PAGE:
Pork inventories actually declined in October by 0.2 per cent from their 30 September level. That’s not unheard of but is still pretty unusual (three times in the past 12 years) given that October is usually the peak month for pork production due to seasonally larger hog supplies and there being no holidays during the month. Inventories of 490.695 million pounds were 1.9 per cent larger than one year ago.
Belly inventories led the year-on-year decline in percentage terms (-63 per cent) and were second in tonnage terms (-14.637 million pounds). Ham inventories were 13.2 per cent lower than one year ago at 134.125 million pounds. That figure is over 20 million pounds lower than one year ago. Stocks of all other cuts except variety meats were higher than last year.
Hams – as expected – accounted for nearly all of the October reduction in frozen pork stocks, falling by nearly 30 million pounds (18 per cent) from 30 September.
Beef inventories of 414.215 million pounds were virtually even with one year ago and were 3.1 per cent lower than last month. Stocks of boneless beef were 2.5 per cent higher than one year ago.
How much money is “product shrink" costing your clinic?
A recent in-house survey of AABP members showed 21% of respondents believe their product shrink is could be over 5%, and well over half said shrink could cost them $1,000 to $10,000 per year, while one-fifth said their operational shrink could be $10,000 to $50,000 yearly.
Further, the survey showed more than 70% of shrink was happening in the field, not at the clinic.
Dr. Eric Rooker of Dairy Doctors Veterinary Services in Wisconsin recently shared how their group cut shrink from almost 13% to less than 1% over a two-year period. He says in the Dairy Doctors group, shrink happened by a variety of common means, such as leaving a bottle of medicine on a farm, picking up medicines from the storeroom and not making note of it, then forgetting to add it to a ticket, or just failing to list products used on a farm call on an invoice.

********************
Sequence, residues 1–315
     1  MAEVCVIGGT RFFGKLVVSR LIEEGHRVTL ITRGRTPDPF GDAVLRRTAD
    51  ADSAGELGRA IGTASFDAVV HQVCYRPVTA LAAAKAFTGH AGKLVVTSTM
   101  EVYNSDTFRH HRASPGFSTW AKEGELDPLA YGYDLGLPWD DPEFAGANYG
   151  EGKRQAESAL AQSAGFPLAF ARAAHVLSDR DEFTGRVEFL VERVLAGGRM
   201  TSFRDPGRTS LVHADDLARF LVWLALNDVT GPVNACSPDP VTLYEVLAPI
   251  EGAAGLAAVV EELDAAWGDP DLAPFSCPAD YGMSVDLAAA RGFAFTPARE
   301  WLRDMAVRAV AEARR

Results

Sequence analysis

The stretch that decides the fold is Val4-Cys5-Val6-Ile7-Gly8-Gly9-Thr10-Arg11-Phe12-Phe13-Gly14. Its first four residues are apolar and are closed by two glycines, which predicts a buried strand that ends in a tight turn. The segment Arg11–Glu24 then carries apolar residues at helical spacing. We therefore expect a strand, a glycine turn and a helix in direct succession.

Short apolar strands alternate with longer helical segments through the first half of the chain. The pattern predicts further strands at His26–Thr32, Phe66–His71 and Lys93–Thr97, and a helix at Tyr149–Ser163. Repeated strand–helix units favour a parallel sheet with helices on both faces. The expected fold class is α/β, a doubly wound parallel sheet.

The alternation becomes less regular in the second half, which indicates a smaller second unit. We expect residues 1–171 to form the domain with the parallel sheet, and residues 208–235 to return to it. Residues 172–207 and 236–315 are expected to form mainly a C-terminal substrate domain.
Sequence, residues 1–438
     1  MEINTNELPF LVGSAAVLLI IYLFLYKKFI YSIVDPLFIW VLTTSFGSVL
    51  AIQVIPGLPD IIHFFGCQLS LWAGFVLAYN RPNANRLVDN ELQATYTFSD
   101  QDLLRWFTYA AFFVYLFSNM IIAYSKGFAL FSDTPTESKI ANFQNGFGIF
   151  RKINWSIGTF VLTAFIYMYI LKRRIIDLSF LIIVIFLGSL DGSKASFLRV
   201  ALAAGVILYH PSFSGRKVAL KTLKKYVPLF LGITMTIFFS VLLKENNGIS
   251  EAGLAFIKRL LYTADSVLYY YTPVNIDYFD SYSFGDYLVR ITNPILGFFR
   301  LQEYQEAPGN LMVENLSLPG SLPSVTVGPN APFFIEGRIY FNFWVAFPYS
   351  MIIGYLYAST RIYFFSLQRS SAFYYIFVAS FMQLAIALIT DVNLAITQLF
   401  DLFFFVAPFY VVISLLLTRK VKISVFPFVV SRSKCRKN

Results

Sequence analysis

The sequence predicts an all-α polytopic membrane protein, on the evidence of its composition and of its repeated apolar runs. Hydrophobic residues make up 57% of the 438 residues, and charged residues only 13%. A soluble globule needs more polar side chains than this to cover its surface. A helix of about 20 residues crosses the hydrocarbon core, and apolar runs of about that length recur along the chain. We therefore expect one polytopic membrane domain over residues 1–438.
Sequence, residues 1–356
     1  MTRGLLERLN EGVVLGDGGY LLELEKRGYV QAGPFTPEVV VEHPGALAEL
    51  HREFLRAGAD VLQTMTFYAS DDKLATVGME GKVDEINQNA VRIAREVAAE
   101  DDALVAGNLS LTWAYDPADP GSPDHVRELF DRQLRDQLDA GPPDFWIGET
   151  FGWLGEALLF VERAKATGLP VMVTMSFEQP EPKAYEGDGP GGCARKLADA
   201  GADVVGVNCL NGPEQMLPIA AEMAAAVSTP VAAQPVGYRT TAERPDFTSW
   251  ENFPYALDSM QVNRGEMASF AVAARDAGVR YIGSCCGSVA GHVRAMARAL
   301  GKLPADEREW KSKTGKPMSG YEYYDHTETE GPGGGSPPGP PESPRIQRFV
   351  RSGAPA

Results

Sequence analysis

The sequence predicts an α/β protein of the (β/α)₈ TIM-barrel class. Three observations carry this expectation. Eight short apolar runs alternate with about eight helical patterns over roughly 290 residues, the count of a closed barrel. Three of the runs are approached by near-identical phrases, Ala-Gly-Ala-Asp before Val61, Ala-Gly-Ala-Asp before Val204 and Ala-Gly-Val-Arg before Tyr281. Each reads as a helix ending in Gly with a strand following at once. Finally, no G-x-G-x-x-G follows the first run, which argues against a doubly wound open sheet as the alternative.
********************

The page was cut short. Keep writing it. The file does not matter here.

Dr. Rooker talked to the partners about this issue and took on the project to bring their clinic's shrink in line with what he believed was a reasonable level of 1% or less. Here's how he says he arrived at that assumption:
"I cannot find any published recommendations for large animal practice shrink. Due to this I have used the US retail industries benchmark of 1.5% (2018 numbers are 1.33%). However, given we don't have to contend with theft (generally), I would argue that we should be able to get about 1%."
Retail theft is estimated at about 36% of the 1.33% measure, Dr. Rooker says, and employee theft was 33% in the 2017 National Retail Security Survey. Based on those facts, he said he decided it was realistic to think it possible they could get under 1% in veterinary practices.
Dr. Rooker said research and reckoning told him a successful inventory management system needed these four attributes:
2. Real-time synchronization
3. Ease of use for all
4. Quick usage to match ease